Livestock manure is a valuable fertilizer that may contribute to enhanced food security by improving soils and increasing crop yields, when managed properly [35]. In Cambodia, pig manure is commonly used to fertilize rice, vegetables, and sell, but it is also discharged into the environment close to the pig barn [36]. The practice of dumping pig manure is more common in households with a lower socio-economic index [37]. In this study, two-thirds of the farmers indicated that manure was not being collected or managed. However, of the farmers who do collected and manage manure, only 21% of them utilize it to fertilize crops; while 3% used manure for biogas production. Similar finding has been reported with non-biogas farms in Vietnam [37]. However, studies by [18] [36] reported that, on smallholder farms, one-half of the pig manure is discarded from the pig barn. In Cambodia, manure management practices vary by region and farmer training. Farmer often allows the pig manure to run out of the pig barn into a pond, canal, or rice field. Consequently, poor manure management by urban and peri-urban households may pose a public health threat and an environmental hazard when the pig manure is dumped in the environment [23] [36]. The poor management of the pig manure in Cambodia may due to manure application practices, low transportation availability, and socio-economic factors [36]. These findings support the theory that resource-poor livestock keepers might have limited means to invest in the equipment necessary for proper manure disposal [38]. Low use of manure to fertilize the crops in the present study is in agreement with the previous findings. Biogas is economically viable and sustainable for rural household and as well as safe for resources and provide fertilizer [39]. Cambodian farmers normally used pig manure to make gas used in household for cooking and lighting. However, we found few farmers have implement this practice.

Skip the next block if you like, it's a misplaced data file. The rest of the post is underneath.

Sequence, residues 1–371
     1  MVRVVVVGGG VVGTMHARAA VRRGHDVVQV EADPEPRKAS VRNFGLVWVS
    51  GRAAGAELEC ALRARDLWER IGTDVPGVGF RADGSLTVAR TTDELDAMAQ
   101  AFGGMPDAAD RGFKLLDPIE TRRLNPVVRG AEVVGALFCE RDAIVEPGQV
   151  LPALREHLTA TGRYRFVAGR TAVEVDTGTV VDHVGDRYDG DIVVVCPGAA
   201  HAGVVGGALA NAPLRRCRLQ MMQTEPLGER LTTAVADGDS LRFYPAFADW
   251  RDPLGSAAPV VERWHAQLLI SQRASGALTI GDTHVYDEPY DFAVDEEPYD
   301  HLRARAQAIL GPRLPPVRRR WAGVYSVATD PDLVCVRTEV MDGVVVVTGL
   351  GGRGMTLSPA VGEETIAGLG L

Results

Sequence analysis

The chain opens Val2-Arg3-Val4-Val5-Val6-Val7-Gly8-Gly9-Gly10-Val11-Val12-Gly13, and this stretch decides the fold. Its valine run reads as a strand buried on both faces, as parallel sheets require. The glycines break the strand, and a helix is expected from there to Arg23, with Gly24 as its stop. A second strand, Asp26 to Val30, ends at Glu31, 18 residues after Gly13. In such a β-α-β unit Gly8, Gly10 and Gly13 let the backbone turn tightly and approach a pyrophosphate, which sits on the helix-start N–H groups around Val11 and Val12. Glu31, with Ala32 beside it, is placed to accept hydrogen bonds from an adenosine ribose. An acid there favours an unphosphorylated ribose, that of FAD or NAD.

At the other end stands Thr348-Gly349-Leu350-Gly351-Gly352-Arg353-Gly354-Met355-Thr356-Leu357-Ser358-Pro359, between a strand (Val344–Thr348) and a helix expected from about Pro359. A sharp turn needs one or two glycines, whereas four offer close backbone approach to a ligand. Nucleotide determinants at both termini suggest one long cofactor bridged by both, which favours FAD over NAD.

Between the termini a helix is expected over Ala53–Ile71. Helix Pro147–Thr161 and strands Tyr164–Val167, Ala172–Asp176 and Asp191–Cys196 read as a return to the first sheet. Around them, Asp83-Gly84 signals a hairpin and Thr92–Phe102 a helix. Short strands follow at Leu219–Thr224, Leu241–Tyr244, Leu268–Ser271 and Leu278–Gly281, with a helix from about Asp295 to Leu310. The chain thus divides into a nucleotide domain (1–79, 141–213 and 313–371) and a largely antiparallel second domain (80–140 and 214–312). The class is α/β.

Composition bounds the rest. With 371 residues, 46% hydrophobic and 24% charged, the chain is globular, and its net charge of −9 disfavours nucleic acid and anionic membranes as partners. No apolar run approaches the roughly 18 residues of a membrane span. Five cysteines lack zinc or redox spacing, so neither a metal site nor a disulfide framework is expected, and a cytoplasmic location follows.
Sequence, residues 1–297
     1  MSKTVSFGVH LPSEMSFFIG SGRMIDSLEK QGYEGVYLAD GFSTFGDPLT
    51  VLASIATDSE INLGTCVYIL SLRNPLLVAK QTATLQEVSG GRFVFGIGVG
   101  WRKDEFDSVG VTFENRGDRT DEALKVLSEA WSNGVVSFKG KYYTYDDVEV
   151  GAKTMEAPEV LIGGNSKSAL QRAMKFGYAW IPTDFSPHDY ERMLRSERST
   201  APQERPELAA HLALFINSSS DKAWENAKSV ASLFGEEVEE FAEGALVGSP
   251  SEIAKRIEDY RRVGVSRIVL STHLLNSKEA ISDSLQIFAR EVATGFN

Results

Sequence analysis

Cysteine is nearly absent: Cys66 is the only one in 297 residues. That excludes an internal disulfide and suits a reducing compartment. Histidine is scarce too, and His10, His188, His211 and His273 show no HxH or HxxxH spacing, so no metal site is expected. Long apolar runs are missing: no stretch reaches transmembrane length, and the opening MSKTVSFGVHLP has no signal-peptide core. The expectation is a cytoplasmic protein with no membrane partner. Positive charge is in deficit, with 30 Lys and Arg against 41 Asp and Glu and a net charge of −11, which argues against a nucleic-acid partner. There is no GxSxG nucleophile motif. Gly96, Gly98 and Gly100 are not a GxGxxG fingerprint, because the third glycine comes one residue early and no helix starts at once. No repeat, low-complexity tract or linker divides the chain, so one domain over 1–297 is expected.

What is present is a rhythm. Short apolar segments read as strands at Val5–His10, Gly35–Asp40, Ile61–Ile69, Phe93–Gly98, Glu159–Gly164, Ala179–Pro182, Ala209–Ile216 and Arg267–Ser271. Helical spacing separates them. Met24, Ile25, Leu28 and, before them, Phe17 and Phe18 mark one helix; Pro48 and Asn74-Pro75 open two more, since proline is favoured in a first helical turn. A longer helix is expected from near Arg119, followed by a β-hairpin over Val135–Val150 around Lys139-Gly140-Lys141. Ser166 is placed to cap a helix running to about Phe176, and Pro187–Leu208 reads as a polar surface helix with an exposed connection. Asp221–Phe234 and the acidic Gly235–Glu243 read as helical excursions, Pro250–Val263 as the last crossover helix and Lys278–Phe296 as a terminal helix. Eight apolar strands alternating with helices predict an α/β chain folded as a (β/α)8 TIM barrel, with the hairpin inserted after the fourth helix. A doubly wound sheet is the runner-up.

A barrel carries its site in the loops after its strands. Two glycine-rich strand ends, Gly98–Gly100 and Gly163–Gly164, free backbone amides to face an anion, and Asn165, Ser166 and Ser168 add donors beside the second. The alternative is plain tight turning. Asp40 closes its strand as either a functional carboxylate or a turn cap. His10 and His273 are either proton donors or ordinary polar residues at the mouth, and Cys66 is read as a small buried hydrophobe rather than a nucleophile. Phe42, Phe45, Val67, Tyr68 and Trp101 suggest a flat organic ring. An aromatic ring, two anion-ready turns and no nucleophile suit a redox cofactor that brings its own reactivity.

This study found 49% of the farmers fed kitchen waste with 19% feeding kitchen waste contained meat scraps and 6% feeding restaurant waste. One concern related to feeding food waste to pigs is the potential to transmit disease to the pigs, especially infectious diseases including classical swine fever, foot and mouth disease, ASF, and pig vesicular disease. Other pathogens of concern that could spread to humans are Salmonella, Campylobacter, Trichinella, and Toxoplasma. Therefore, food waste to be fed to pigs must be heat treated [23] [24] [25]. Diseases may be spread to other livestock or humans if pigs consume contaminated meat in improperly treated food waste [24]. Although restaurant waste was cooked by most farmers, cooking temperature is not well monitored and management of waste delivery before cooking, such as delivery container, vehicle, and personnel needs improved sanitation. As observed, restaurant waste was delivered to the pig area where chickens and ducks could be exposed to the waste before the waste was cooked. Those animals roamed around the pig barn and sometime get close to the pigs. Thus, they could transfer pathogens to the pigs. Feeding kitchen waste is common for smallholder farmers in Cambodia, similar to practices of small farmers in Cameroon, Central Africa [25]. Thus, countries where kitchen waste feeding is practiced need increased education on proper cooking and management for farmers.